Progressive Education and Political Culture

This is causing some consternation in certain spheres. Good.

The Traditional Teacher

Snake_oil_old_bottleProgressive educational ideas constitute an attack on truth and authority. Traditionally, education consists of passing on to the next generation a body of knowledge, handing on to them the precious inheritance of human wisdom and thought which has built up through the generations. The teacher has authority because he has already mastered this knowledge, and has been chosen for the important role of passing it on to the next generation. But progressive ideas reverse all of this, placing the child on a pedestal, and asking the child what he wishes to learn. In making education child-centred rather than knowledge centred, progressive educators pass on this key dogma: there is no objective truth; there is only subjective experience, and to know more of this relativist ‘truth’, we must look within, not without.

It is well documented that these ideas took a powerful hold of state education in Britain from the sixties…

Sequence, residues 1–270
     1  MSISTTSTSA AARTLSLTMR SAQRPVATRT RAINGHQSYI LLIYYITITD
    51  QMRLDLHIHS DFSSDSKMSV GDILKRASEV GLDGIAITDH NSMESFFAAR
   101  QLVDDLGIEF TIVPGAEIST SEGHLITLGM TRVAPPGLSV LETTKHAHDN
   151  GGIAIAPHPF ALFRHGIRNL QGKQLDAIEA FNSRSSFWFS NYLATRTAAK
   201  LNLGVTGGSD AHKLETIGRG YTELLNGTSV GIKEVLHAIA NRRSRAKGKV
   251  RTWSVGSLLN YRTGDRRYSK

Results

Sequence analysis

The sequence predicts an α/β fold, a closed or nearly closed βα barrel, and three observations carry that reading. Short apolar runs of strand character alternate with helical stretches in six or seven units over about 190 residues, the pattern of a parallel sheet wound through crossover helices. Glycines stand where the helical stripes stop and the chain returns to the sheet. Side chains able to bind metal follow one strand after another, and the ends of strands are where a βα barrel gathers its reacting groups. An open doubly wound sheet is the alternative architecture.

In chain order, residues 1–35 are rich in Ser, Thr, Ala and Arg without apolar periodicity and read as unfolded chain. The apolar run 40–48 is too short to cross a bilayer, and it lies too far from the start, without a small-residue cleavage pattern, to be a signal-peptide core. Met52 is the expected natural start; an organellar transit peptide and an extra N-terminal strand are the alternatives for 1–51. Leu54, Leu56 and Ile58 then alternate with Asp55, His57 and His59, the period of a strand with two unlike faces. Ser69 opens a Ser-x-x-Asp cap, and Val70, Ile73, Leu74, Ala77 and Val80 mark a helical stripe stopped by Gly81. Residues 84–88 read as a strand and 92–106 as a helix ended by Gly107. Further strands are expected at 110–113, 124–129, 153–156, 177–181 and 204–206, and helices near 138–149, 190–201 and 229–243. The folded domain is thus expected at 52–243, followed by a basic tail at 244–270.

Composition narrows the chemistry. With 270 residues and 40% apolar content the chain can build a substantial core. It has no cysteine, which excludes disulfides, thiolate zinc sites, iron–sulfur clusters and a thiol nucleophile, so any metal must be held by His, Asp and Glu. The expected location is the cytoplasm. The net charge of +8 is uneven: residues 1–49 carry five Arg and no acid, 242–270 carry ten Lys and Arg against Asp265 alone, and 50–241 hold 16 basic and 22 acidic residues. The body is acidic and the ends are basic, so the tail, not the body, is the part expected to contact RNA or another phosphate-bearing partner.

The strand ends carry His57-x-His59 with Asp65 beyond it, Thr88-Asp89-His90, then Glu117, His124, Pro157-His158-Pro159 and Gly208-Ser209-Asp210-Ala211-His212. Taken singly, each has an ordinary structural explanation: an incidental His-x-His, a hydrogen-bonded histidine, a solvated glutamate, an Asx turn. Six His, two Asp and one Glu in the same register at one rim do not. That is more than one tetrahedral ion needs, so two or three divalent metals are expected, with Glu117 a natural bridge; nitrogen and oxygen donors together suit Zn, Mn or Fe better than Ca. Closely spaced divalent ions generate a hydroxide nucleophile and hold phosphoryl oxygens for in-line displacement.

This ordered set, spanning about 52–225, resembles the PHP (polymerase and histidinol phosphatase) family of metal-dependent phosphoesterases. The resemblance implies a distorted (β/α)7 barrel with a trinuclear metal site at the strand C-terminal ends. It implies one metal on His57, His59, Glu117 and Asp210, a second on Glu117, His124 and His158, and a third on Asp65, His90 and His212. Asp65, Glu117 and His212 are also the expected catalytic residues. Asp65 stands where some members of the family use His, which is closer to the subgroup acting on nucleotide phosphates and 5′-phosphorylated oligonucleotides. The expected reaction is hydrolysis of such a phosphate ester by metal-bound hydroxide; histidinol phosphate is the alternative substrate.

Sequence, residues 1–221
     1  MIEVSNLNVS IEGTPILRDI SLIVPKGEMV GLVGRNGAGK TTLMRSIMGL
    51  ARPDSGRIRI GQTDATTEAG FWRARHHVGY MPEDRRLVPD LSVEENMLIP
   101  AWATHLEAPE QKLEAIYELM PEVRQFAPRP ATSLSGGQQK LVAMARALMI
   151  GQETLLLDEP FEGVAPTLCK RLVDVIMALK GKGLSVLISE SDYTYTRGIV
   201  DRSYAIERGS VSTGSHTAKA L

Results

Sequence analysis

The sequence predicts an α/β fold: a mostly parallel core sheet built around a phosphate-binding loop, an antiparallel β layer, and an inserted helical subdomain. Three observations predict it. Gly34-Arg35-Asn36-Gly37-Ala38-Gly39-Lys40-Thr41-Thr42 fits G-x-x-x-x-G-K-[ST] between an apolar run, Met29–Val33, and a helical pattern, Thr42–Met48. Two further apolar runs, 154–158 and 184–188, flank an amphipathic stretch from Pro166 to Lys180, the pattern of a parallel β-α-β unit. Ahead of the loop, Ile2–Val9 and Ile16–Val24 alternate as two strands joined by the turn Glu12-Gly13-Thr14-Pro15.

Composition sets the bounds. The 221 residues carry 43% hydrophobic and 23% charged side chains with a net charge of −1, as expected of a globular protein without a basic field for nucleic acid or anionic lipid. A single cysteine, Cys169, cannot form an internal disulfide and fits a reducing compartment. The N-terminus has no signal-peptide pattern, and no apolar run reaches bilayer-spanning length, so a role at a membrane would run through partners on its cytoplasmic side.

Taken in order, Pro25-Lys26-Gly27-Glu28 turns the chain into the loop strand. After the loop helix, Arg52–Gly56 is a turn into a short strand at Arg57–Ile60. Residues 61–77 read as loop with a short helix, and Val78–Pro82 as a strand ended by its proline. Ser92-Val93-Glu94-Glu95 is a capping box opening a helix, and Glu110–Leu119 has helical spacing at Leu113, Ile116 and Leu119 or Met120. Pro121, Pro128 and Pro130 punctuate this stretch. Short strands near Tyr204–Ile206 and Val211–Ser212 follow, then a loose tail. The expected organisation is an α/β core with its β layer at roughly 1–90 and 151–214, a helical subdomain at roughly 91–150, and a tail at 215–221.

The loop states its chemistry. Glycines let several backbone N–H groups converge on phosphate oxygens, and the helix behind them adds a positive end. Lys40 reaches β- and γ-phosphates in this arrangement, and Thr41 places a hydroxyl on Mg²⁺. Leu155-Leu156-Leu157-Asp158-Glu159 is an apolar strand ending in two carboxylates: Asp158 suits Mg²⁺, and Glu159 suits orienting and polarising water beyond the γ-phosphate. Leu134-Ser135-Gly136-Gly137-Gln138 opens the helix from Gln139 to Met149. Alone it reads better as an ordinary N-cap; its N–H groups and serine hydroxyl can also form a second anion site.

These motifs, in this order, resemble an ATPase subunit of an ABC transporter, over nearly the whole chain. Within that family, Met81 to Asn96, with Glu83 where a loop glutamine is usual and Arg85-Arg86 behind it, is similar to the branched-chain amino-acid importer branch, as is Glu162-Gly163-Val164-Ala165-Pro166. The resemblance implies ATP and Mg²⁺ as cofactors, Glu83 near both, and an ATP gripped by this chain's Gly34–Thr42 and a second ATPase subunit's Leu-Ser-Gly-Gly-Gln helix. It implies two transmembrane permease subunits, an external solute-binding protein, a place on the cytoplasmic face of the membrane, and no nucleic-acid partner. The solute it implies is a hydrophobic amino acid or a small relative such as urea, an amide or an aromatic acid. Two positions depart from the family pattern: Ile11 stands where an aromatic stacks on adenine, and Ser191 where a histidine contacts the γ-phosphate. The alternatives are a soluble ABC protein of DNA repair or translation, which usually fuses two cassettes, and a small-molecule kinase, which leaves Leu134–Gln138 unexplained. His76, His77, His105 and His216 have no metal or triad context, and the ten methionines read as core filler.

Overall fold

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2 thoughts on “Progressive Education and Political Culture

  1. I warmly endorse your call for teachers and learning to be respected, and I agree that it is the business of schools to pass down to the next generation the accumulated knowledge of our forebears. But I do worry that readers may construe “respect” as reverence, and they are not the same things at all.

    I am dismayed by the shift in educational focus from learning facts to moralising. Students are encouraged to think in slogans. Commitment to glib formulations of social issues trumps commitment to truth. There is an air of pious certainty in classrooms that is inimical to genuine scholarship.

    However, I would not like to see the current piety replaced by another — that received knowledge is sacred. Respect does not imply uncritical acceptance.

    That said, of course we must first understand an idea before we can criticise it fruitfully. And that means approaching it, in the first instance, in a spirit of respect and generosity.

    • Good point. It’s not written by me, of course, but I am in *broad* agreement with the content. It sounds like you are implying that teaching via the Trivium is a sensible approach, and that’s a view with which I agree wholeheartedly. Thanks for taking the time to comment.

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